I know this was awhile ago you wrote this, but I think your mom is a narcissist from what you have described. I am not a professional and haven’t met her so I can’t diagnose her obviously but I’m guessing if I did meet her she’d probably act fake anyway and “so friendly, flirty and fun!” Or automatically hate me because I am associated with you. At least that is how my mom is and my psychiatrist believes she is likely narcissistic personality disorder. I am 27 and can’t even hold a job for more than two months without being fired because I feel so broken. I am also living at home with my mom and I too am afraid to leave my room a lot because I don’t wanna deal with her drama and because I have ptsd from being raped and molested as well, both of which my mom blamed me for at least initially. But this isn’t about me. I just want you to know that someone out there is dealing with similar issues so maybe you won’t feel so alone. I know you wrote this awhile ago so you may never get it but if you want to talk ever maybe we can help each other. I’d also recommend looking up info about post traumatic stress disorder – ptsd – since you are a victim of sexual abuse as well which makes it feel even worse. there are other good websites about narcissistic mothers. One is daughters of narcissistic mothers.

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Thank You November 17, 2013 at 8:36 am

These blogs saved my life! Thank you!

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Steph January 10, 2015 at 4:08 pm

Hi. I never knew this condition existed and after reading this I can’t stop crying, it makes so much sense. I’m 30 now and have spent my whole life so far feeling like I am the only one. I hated my childhood. I would daydream about emancipation and find excuses to stay after school, anything not to go home. Knowing who my mom was behind closed doors versus who she was in public was a huge weight on my shoulders, she would threaten my brother and me that if we ever told anyone then cps would take us away and separate us. I was the scapegoat and we waited on her hand and foot, I can count on 1 hand how many times I’ve heard her say she loves me in my life. The worst part for me was the rage. She would scream about every little thing if she didn’t get her way, still does and through everything my father enables her and always takes her side. She is not capable of taking responsibility or apologizing for her cruelty. I’m always exaggerating and as an adult I have tried over and over again to tell her when she is being hurtful ie: at thanksgiving dinner when she calls me fat in front of the extended family because I took a second dinner roll: She always finds a way to make me feel guilty about pointing it out then “let me off the hook” by saying let’s forget you brought it up. It gets swept under the rug and never brought up again. I don’t know how to move forward with this new information. If anyone has a suggestion I would really appreciate it.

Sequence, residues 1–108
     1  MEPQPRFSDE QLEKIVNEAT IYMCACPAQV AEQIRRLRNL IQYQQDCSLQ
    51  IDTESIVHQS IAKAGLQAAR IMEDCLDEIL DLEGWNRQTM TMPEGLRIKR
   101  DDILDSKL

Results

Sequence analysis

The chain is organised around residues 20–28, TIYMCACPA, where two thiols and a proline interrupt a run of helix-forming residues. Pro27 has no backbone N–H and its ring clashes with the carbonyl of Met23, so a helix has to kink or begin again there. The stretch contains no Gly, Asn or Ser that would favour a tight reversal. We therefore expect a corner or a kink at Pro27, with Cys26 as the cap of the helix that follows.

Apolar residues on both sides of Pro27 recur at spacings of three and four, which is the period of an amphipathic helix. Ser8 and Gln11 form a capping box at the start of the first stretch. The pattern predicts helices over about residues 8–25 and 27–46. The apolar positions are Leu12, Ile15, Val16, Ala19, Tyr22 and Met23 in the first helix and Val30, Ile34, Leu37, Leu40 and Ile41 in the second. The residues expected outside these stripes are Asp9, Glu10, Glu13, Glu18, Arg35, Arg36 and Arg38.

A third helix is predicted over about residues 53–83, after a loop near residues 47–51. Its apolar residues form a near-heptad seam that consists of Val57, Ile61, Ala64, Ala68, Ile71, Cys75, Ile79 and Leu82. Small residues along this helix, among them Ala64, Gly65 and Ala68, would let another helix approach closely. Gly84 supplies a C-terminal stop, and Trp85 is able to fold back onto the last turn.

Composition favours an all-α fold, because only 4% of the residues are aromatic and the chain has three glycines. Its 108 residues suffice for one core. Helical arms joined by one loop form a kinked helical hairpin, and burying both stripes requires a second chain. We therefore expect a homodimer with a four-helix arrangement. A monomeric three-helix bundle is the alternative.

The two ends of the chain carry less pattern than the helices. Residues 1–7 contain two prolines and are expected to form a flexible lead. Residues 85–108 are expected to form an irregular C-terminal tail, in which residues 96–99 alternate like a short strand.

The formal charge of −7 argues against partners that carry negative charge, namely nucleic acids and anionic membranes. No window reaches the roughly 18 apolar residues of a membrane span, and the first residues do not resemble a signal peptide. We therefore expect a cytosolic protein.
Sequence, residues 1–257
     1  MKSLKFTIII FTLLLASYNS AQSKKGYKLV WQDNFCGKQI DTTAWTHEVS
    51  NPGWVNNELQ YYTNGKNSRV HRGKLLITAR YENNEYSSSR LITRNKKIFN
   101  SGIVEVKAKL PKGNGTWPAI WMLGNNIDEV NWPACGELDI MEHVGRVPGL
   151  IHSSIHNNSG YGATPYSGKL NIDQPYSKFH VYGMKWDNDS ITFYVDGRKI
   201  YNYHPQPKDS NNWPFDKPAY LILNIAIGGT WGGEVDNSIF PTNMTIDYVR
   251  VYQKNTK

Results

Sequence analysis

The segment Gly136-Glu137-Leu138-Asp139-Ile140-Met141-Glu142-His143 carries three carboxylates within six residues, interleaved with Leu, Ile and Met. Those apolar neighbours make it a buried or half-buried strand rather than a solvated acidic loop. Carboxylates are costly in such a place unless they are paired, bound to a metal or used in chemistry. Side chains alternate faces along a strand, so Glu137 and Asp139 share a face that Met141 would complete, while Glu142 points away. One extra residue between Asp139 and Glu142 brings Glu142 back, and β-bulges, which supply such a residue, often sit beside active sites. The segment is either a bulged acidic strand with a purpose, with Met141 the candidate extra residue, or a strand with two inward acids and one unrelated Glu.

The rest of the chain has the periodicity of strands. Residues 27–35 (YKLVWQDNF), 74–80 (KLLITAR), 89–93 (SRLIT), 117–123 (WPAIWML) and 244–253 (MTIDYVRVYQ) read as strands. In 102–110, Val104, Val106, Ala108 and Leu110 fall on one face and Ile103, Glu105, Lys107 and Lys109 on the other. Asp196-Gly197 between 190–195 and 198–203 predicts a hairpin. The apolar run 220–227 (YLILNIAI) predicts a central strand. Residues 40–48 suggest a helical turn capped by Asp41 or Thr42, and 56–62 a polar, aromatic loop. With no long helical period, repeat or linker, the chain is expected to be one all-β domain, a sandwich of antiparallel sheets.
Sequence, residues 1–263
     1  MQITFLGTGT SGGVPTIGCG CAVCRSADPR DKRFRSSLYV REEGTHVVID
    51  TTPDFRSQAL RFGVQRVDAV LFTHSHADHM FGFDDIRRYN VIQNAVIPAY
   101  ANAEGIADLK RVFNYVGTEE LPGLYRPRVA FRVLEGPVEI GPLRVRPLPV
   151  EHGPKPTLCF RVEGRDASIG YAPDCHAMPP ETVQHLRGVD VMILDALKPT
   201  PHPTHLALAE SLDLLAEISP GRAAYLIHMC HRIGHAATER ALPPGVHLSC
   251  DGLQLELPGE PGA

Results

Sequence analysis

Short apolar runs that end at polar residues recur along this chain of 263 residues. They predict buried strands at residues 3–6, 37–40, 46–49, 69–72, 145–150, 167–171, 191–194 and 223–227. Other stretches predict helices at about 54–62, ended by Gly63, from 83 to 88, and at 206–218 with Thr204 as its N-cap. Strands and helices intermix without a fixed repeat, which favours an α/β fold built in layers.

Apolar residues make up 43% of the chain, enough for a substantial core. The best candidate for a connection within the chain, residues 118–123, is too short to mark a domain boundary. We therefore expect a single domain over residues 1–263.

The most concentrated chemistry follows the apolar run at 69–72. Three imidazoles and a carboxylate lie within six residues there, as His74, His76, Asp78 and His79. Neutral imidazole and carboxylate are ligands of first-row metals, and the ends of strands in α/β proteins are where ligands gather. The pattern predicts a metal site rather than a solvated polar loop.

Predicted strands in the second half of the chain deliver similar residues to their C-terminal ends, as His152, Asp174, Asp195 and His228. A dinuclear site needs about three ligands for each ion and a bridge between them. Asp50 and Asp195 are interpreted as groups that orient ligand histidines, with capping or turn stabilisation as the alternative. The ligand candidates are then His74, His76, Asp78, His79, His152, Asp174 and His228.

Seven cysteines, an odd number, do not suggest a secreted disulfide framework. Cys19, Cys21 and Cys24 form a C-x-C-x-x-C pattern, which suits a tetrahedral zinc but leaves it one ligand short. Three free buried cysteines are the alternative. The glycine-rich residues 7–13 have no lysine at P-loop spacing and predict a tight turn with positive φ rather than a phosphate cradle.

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Lindsey January 26, 2015 at 12:08 am

I am 27 and have known about maternal narcissism for a few years now thanks to my psychiatrist. I can relate a lot to what you’re saying. I don’t know exactly how to proceed either but it’s almost impossible to escape it feels. I live with her and feel to broken and fucked up to even care for myself let alone eat sometimes so I am probably not the best source of advice but I have found that researching maternal narcissism has been extremely helpful for me because I feel validate and like maybe I’m not the crazy one after all… So I would suggest researching as the first step. If you find out the next steps, please let me know!

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Hanna January 28, 2015 at 2:42 pm

Yes I was my mom’s little servant, sometimes golden child, sometimes hero child, sometimes scape goat and sometimes invisible I guess. My mom always told me: Hanna you’re so fast can’t you pick up the phone or get that or do that. Can you go to the store (and if I bought the wrong thing she made me go back even when I protested), can you take care of your siblings and on and on and on.